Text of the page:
Pelagic threshers swim fast toward the tight shoal of fish then use its pectoral fins like an emergency brake. As it slams to a stop, the shark whips its tail over its head toward the bait ball, sometimes following this with a sideways slap of its tail. They can reach speeds of up to 45 miles per hour, meaning the force of the tail-slap sends a shockwave through the water so powerful that it forms bubbles. The shockwave stuns the prey and allows the shark to easily collect its reward. Using this method of hunting means the shark can eat between two and seven sardines after each whip from its tail. This is more energy efficient and has a higher chance of success than chasing prey one by one, and because of this success rate, they only need to consume food about once every 10 days. This hunting method was not confirmed until 2010, when the first footage was captured of it using its whip-like tail to hunt.
Pelagic Thresher shark population
Researchers know these mysterious sharks have two pups in each litter, after a gestation period of around 9 months. In the womb, pups are not connected to the mother via a placenta. Instead, pups are cannibalistic and feed on her unfertilized eggs, a process known as oophagy. The mother then gives birth to uncommonly large live young, which can vary in size from around 0.9-1.5m— almost half as long as their mother. Researchers theorize that their unusual size could be to minimise their chances of being preyed upon by other sharks. Females give birth to around 40 pups during their lifetime.
The Pelagic Thresher is estimated to be declining in both the Pacific and Indian Oceans. To estimate a global population trend, three generation population trends for each region were estimated according to the relative size of each region. The overall estimated reduction was 50–79% reduction over three generation lengths (55.5 years), based on abundance data and levels of exploitation. However, trends are uncertain with data being estimates.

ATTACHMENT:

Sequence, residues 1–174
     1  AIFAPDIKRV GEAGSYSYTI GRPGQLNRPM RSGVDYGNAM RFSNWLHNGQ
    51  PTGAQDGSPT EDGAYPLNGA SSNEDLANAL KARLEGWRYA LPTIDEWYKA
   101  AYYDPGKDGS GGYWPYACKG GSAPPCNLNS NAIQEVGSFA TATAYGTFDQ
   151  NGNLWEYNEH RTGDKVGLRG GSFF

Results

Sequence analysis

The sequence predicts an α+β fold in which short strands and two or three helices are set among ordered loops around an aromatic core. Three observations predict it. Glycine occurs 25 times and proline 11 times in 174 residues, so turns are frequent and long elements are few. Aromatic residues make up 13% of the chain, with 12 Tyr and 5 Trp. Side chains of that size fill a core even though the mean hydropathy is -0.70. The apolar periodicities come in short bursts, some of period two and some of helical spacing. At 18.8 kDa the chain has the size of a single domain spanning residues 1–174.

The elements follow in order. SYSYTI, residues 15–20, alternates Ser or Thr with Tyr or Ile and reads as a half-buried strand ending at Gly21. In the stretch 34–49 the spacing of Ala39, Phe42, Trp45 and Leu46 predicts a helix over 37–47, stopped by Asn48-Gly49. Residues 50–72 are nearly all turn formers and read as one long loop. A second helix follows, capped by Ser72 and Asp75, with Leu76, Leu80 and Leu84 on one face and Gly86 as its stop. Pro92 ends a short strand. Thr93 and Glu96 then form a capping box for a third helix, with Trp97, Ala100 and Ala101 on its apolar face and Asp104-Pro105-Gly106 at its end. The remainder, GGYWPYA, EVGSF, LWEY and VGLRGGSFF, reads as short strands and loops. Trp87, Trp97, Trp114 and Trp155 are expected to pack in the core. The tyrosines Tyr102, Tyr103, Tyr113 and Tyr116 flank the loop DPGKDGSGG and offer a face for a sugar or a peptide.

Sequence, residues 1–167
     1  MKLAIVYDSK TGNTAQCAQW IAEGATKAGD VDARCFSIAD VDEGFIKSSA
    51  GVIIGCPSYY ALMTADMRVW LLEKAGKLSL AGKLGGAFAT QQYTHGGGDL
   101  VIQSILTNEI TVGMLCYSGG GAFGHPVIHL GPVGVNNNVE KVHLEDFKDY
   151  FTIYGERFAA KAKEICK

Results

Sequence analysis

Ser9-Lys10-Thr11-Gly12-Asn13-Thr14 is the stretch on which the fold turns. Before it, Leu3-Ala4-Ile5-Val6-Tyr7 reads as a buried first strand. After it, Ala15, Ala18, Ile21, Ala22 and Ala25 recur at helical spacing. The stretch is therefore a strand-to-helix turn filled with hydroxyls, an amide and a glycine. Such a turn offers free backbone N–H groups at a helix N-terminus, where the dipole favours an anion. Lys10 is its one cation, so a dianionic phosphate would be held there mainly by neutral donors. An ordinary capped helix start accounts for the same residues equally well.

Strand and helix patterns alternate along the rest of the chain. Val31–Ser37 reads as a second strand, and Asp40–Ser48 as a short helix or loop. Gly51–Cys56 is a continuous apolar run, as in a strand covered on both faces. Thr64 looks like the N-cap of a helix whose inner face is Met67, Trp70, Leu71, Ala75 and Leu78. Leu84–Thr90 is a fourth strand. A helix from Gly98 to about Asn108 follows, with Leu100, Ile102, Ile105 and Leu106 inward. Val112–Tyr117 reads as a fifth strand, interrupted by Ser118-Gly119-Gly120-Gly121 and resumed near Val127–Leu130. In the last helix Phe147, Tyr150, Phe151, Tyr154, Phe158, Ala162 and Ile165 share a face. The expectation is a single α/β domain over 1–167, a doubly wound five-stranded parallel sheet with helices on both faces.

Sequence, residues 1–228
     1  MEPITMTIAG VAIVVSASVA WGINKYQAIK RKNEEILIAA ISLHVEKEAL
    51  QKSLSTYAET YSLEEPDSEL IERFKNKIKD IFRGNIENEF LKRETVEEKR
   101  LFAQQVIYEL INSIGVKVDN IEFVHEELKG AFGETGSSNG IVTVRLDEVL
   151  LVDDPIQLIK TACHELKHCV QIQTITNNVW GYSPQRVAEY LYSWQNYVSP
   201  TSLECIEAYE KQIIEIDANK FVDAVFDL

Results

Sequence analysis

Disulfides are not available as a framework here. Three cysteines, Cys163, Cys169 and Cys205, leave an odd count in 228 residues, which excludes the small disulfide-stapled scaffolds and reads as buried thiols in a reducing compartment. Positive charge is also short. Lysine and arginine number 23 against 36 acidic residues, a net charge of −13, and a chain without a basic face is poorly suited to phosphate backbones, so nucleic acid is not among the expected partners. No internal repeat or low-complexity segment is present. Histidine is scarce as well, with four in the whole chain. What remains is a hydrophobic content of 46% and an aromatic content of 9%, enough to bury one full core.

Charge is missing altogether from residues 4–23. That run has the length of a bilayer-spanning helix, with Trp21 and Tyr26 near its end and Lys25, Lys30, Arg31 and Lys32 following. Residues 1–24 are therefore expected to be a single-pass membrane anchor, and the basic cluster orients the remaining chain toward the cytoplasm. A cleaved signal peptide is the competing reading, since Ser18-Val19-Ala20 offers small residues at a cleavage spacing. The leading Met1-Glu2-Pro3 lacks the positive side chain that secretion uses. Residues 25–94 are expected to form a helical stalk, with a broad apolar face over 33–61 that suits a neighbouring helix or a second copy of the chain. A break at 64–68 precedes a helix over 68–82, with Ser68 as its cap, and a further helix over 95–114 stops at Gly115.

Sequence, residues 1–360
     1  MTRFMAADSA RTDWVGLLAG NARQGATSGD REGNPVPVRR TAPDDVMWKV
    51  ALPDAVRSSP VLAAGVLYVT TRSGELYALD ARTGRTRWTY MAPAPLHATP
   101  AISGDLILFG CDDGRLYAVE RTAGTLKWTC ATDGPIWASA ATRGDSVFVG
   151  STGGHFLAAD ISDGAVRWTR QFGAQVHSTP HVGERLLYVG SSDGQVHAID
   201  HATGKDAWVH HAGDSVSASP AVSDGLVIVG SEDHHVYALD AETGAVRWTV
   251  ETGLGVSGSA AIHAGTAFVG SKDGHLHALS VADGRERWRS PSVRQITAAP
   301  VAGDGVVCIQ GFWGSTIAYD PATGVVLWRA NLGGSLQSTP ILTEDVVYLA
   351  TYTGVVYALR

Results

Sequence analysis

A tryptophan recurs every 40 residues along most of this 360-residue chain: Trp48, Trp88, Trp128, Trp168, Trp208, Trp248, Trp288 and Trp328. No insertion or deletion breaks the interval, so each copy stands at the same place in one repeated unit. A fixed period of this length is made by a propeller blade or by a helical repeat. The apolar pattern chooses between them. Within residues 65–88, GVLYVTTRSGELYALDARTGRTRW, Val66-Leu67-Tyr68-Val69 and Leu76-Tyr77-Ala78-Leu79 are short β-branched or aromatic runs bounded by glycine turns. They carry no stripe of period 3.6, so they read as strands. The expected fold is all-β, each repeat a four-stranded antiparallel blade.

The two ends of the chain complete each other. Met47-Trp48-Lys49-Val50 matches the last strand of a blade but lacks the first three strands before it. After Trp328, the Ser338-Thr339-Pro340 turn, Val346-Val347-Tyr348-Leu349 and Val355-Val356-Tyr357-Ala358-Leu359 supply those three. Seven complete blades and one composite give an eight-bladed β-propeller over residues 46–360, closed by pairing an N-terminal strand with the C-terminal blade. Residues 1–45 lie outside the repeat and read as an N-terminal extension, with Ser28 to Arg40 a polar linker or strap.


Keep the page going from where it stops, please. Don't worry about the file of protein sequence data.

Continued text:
Pelagic Thresher shark Conservation
Pelagic Thresher has most recently been assessed as endangered for The IUCN Red List of Threatened Species in 2018.
Despite being harmless to humans, this species is threatened due to high demand from global and local fisheries for their meat. Their livers are also used for vitamins and cosmetic products, their skins in leather production, and their fins prized for shark fin soup. The liver is especially sought after because it can comprise up to 10% of the shark's weight. Sport fishers are also a threat to pelagic thresher sharks; they often catch this species by the tail when it becomes trapped on the bait hook and is retrieved in reverse. Because pelagic thresher sharks need to swim forward to pass oxygenated water over their gills, they often die after being captured, even if they are released quickly. Thresher sharks are also often caught as by-catch because their habitats are heavily fished.
Because of their low reproduction rate, it is difficult for thresher shark populations to recover from exploitation and threats. However, some conservation efforts are underway. Markedly, in 2017, all three thresher shark species became protected under the Convention on International Trade in Endangered Species (CITES), the international treaty which aims to protect threatened animals from the wildlife trade.
Pelagic Thresher shark and humans
As pelagic thresher sharks mainly live offshore, there are very few places they can potentially interact with humans, making them hard to study. The most well-known location for scuba divers to encounter the pelagic thresher is Monad Shoal off the shores of Malapascua, an island in the Philippines. There are no known attacks by thresher sharks on humans. They have small teeth and jaws for its size and they tend to flee from divers.
Other interesting facts
Threshers are one of the few shark species with the ability to fully breach the water, an ability shared with dolphins and whales. Some researchers believe it is an attempt to remove parasites from their body.